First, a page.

The Relational Link

While processes, protocols, procedures, and technology play an important role in the day-to-day of high-quality clinical care, the equally-important dynamics of “team-work” — how each of us “shows up”, engages in everyday interactions, collaborates, and pays attention to the characteristics of our relationships — don’t often receive the same level of attention as the technical aspects of our work. Increasingly, research suggests that what distinguishes some high-performing teams is their ability to focus on both functional change and cultural change at the same time.

Further, the data suggest, low-performing teams only focus on either functional or cultural change alone. Data, insights, and perspectives during COVID-19 are showing the value of these relationship strategies during the pandemic and the importance of implementing them in the long term.

COVID-19, Wellbeing, and Relational Strategies

Communication and Transparency as a Means to Strengthening Workplace Culture During COVID-19. This National Academy of Medicine article discusses the role of optimizing transparency and communication within the framework of medical teams as an essential component of a strategy to address clinician burnout, particularly during COVID-19. Leaders at Brigham and Women’s Hospital found that methods like community building activities can nurture relatedness, fulfill a need for camaraderie, and build a high-functioning team, and that a dynamic essential to establishing a culture of wellness is one in which trust is earned.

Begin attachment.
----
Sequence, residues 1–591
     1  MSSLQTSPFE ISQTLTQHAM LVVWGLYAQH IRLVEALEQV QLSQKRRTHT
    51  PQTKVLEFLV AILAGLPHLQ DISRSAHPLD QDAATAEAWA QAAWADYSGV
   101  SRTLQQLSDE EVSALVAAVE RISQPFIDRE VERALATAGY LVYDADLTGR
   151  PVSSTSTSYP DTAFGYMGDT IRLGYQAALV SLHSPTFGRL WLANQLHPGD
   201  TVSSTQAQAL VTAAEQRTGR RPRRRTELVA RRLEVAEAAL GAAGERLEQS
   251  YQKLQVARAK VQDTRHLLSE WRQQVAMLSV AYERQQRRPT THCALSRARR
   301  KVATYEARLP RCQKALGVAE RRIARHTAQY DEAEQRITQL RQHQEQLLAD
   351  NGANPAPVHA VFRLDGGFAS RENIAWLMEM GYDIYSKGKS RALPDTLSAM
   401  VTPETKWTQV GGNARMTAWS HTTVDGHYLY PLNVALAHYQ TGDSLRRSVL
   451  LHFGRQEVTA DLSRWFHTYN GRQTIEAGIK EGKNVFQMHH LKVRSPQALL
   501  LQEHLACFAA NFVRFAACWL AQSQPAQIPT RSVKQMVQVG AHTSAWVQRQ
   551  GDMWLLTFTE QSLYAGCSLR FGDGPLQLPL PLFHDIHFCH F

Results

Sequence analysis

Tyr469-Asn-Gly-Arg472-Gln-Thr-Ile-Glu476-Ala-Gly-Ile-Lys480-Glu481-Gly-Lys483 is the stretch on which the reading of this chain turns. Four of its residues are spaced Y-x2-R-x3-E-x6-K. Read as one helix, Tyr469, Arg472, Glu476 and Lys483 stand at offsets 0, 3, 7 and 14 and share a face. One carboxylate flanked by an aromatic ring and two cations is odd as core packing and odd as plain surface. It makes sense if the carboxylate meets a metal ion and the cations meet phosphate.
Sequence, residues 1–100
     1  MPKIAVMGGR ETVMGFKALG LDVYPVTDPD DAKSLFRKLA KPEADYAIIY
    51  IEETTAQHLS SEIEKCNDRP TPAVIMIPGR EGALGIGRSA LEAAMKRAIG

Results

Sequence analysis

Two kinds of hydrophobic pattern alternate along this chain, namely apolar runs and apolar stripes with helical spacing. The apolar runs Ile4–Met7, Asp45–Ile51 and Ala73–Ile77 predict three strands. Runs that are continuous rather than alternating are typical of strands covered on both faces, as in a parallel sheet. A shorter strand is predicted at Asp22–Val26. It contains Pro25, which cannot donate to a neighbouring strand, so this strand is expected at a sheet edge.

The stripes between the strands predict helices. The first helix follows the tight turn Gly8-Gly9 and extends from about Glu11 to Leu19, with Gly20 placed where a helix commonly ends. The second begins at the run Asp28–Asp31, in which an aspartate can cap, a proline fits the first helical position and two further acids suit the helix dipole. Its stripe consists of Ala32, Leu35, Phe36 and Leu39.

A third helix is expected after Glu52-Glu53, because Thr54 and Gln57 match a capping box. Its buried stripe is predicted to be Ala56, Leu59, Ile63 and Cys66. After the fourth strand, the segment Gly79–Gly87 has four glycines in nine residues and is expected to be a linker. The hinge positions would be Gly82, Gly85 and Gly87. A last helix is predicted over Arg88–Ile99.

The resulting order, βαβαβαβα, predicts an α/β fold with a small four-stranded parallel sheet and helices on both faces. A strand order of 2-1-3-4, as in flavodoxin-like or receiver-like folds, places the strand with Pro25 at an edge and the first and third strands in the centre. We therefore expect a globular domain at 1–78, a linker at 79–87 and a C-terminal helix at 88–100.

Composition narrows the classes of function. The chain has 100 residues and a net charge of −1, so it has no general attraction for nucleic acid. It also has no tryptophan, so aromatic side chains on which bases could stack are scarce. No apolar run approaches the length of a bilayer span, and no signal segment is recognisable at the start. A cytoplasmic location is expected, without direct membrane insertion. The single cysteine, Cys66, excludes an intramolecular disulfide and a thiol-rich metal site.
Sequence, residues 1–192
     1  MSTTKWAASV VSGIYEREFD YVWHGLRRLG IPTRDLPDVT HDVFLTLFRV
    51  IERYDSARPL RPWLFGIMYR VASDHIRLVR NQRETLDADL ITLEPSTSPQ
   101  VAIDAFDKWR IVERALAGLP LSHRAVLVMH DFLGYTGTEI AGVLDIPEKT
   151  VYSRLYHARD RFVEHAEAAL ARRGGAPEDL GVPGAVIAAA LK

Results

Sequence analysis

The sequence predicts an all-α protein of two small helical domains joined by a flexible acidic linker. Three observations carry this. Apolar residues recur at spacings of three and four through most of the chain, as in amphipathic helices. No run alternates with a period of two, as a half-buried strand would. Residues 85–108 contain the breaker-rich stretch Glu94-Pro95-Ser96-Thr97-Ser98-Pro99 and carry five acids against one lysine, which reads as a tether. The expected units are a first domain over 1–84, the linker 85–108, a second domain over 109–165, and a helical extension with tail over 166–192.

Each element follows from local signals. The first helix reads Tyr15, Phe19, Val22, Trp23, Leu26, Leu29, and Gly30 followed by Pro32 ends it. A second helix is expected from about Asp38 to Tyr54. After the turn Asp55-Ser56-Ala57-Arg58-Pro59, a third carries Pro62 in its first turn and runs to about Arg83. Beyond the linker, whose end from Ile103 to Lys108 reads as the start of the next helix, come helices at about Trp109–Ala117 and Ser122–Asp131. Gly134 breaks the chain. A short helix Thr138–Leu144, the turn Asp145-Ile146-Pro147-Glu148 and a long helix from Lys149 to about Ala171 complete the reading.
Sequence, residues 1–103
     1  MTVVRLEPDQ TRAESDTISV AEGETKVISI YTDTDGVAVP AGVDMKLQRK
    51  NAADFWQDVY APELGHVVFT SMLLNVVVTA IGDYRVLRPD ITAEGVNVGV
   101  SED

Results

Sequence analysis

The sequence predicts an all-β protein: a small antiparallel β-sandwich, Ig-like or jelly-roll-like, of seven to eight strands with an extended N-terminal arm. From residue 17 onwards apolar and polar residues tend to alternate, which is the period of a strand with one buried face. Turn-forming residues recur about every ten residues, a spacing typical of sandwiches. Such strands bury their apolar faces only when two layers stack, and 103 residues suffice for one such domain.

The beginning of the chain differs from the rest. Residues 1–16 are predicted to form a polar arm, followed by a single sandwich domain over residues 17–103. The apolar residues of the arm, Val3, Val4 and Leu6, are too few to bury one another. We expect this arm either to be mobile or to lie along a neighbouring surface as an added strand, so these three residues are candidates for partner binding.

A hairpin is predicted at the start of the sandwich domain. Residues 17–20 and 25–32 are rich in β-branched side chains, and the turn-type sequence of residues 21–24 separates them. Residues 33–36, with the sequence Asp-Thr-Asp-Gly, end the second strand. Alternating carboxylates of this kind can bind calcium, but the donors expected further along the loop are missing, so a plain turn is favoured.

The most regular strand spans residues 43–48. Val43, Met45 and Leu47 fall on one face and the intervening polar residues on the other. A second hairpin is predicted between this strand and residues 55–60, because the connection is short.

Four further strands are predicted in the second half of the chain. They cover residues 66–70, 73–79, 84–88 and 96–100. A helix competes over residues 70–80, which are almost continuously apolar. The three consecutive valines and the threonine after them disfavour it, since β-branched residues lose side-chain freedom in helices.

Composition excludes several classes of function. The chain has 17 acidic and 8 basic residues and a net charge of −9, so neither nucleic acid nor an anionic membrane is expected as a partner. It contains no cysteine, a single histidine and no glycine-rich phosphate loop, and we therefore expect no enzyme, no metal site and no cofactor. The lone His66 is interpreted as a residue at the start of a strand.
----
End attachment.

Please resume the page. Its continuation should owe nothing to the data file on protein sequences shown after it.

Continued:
The Changing Face of Medical Professionalism and the Impact of COVID-19. Andrew F. Goddard, President, and Mumtaz Patel, the Global Vice President of the Royal College of Physicians in the United Kingdom, writes in The Lancet that COVID-19 has shown that we must move away from a model of medical professionalism that can lead to moral injury and towards one that provides proactive support for professionals in a systematic way and is focused on supporting moral repair. There have been here have been many wellbeing initiatives for clinicians that have been well received, but over time they need to be combined with organizational interventions and a wider systems approach that will lead to greater cohesiveness within healthcare and support individual professionals in a safer, more sustainable way.

Six Lessons on Fighting Burnout from Boston’s Biggest Hospital. Massachusetts General Hospital's Joshua J. Baugh, the assistant director of clinical operations, and Ali S. Raja, the executive vice chair of the Department of Emergency Medicine, share with the Harvard Business Review the strategies that have worked in their organization during the pandemic: rewarding work, fairness and transparency, autonomy, reasonable workload, a sense of community, and consistent values. Together, these actions underscore a universal and fundamental principle: the best way to prevent burnout and attrition is to empower people to perform their jobs effectively, in an environment that is safe and supportive.